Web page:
Sound Transit Extends Light-Rail Planning to 2026 

Written by Jennifer McLawhorn, Managing Editor
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Sound Transit

SEATTLE – Sound Transit is pushing its light-rail planning an extra couple of years until 2026. It will also spend an additional $32.8 million.

According to the Seattle Times, Sound Transit is pushing its light-rail planning an extra couple of years until 2026. It will also spend an additional $32.8 million, “while consultants study new downtown and South Lake Union station sites promoted by Seattle Major Bruce Harrell and King County Executive Dow Constantine.” The $32.8 million is going to HTNB Corp. “which will write a final environmental impact statement that’s required by federal law, and will conduct preliminary engineering, for the proposed $11.1 billion light-rail route from Ballard to Sodo.”

Last week, the Board of Directors for Sound Transit already approved a contract change totaling $122.5 million. However, it’s been reported that most of those funds would be for the final citywide environmental impact statement, and it would leave “a net increase of $32.8 million to examine new options.” 

The public has condemned both the process delays and the Board’s idea to forgo constructing another station between Union and King Street Stations. Now, consultants will work to assess the new sites which were not studied in the EIS draft back in January 2022. 

The first site is a second Pioneer Square Station, “plus a ‘south’ of Chinatown train station adjacent to the former immigration building on Seattle Boulevard South near Interstate 90, site of a proposed redevelopment.” The Mayor of Seattle “vowed to prevent repeating the history of Interstate 5, the Kingdom, and other public works that tore into the Chinatown International District community.” This Pioneer Square Station would “complement” the vision of the current Transit Board Chair and would have housing towers (which would replace the county jail and current offices in Pioneer Square). A new jail would be built in Sodo. The Seattle Times reports that this particular version would save money by “discarding the voter-approved Midtown Station below Fifth Avenue at Madison Street.”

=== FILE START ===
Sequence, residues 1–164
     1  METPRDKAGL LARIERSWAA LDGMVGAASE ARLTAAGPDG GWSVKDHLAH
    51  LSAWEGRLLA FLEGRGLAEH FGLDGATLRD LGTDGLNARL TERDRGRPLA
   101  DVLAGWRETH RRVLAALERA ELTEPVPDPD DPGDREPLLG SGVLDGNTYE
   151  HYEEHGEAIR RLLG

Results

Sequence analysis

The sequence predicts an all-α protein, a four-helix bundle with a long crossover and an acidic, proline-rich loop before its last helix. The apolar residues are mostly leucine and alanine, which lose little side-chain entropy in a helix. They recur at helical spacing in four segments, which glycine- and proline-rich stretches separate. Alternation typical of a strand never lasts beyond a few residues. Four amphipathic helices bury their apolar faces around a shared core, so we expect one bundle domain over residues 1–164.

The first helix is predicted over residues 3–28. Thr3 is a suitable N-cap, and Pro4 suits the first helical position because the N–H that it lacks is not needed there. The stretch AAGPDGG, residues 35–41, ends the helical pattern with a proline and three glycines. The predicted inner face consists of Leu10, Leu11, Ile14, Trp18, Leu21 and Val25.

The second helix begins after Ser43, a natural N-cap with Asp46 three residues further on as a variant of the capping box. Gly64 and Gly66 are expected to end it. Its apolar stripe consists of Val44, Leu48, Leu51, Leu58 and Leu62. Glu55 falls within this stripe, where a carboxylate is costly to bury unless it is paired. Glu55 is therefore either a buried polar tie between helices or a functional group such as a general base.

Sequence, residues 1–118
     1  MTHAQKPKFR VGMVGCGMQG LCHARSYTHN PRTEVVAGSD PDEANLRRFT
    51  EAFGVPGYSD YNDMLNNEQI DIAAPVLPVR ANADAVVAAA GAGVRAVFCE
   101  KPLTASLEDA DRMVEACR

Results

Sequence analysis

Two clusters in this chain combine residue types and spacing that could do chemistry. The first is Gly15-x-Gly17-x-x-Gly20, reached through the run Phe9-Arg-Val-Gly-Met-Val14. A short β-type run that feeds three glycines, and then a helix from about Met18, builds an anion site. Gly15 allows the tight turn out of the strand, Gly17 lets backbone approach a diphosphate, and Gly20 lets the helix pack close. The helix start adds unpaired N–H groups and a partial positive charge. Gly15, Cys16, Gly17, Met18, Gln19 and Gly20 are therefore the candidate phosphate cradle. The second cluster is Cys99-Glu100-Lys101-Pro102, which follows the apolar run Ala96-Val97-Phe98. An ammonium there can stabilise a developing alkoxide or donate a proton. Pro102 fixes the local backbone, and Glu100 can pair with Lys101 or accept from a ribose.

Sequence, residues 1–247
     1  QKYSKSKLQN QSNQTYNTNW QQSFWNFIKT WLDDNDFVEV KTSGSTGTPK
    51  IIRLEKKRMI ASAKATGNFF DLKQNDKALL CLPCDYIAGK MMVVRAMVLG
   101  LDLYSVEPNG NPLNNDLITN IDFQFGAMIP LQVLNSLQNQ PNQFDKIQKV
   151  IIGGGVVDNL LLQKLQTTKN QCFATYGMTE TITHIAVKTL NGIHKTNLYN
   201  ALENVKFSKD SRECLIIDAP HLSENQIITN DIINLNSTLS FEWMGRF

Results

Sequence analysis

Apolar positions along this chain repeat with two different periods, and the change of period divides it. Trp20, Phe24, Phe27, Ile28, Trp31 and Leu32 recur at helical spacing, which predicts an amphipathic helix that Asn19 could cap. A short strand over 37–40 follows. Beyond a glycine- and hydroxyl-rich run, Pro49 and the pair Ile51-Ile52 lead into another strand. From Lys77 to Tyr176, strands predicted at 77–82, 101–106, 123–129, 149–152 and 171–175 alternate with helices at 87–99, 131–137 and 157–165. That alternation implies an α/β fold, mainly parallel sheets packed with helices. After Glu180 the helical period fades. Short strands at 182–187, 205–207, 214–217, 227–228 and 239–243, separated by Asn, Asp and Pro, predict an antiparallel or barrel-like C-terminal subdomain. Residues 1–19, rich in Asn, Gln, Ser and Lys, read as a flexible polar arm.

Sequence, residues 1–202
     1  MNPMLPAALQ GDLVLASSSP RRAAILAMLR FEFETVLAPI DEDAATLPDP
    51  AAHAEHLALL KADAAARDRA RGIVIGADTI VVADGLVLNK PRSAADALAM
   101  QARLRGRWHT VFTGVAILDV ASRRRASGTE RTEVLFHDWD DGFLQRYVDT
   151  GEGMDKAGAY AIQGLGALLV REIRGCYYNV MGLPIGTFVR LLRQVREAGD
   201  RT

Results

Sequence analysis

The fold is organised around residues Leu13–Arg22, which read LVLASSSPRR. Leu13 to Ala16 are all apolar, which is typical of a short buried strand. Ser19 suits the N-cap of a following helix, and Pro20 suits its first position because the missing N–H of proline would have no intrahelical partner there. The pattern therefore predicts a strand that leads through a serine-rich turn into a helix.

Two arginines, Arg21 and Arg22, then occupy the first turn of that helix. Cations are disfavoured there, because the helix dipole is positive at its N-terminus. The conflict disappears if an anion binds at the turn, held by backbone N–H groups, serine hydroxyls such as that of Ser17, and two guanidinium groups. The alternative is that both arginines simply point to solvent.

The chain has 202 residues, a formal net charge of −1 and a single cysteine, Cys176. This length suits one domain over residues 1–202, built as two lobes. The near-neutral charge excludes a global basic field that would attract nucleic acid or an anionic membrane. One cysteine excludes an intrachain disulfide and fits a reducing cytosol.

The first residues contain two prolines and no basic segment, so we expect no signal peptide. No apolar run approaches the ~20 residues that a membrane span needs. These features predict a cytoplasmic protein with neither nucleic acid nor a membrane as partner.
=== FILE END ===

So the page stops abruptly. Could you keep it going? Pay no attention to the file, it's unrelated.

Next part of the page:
The second site would move the future Denny Station “northwest of the busy crossroads of Westlake Avenue North and Denny Way.” By doing so, construction would take place on a corner lot. Earlier this Summer, the Seattle Mayor decided to “embrace” the site, “which keeps some traffic lanes of Westlake open during construction, instead of an earlier option beneath the street, where excavation would block all five lanes.”

Earlier this year, in March, the Board wanted to keep the Union Station hub in the EIS, but “preliminary engineering will be performed only on the preferred versions,” according to Project Director, Sandra Fann. One Board member, Claudia Balducci of Bellevue, “defended the vote Thursday as necessary to let environmental studies continue even though she favors the Union Station hub.” Balducci is quoted as saying that “if we were to not pass this today, we would be dead in the water. We would be at a standstill. . . Is there a way to make it cheaper and more doable?” in regard to the fact that the Union Station version may cost $800 million more than other versions.

A spokesperson for the Mayor’s office, Jamie Housen, “emphasized additional study of the Denny Station shift” and how it would cause no delay to the schedule. According to the report, the “full Ballard-to-Sodo segment is currently scheduled for 2039.”

Of course, there are a variety of factors at play, including future financing, construction or design mistakes, etc. Mayor Harrell wants to expedite other steps in the project. King County Executive Constantine’s staff said that “Sound Transit worked with [the] community to address concerns by crafting creative solutions with community members, which has involved some shifts in potential station locations, adding time to the federal process.”

Part of the $32.8 million will be used to design the Seattle Center Station located west of Climate Pledge Arena instead of off Mercer Street. The West Seattle-Sodo route planning should be finished by next year, and it “was separated from the more intricate Ballard-Sodo portion.”

Currently, the contract for HNTB Corp.’s environmental study and preliminary engineering work comes out to $318.8 million. 

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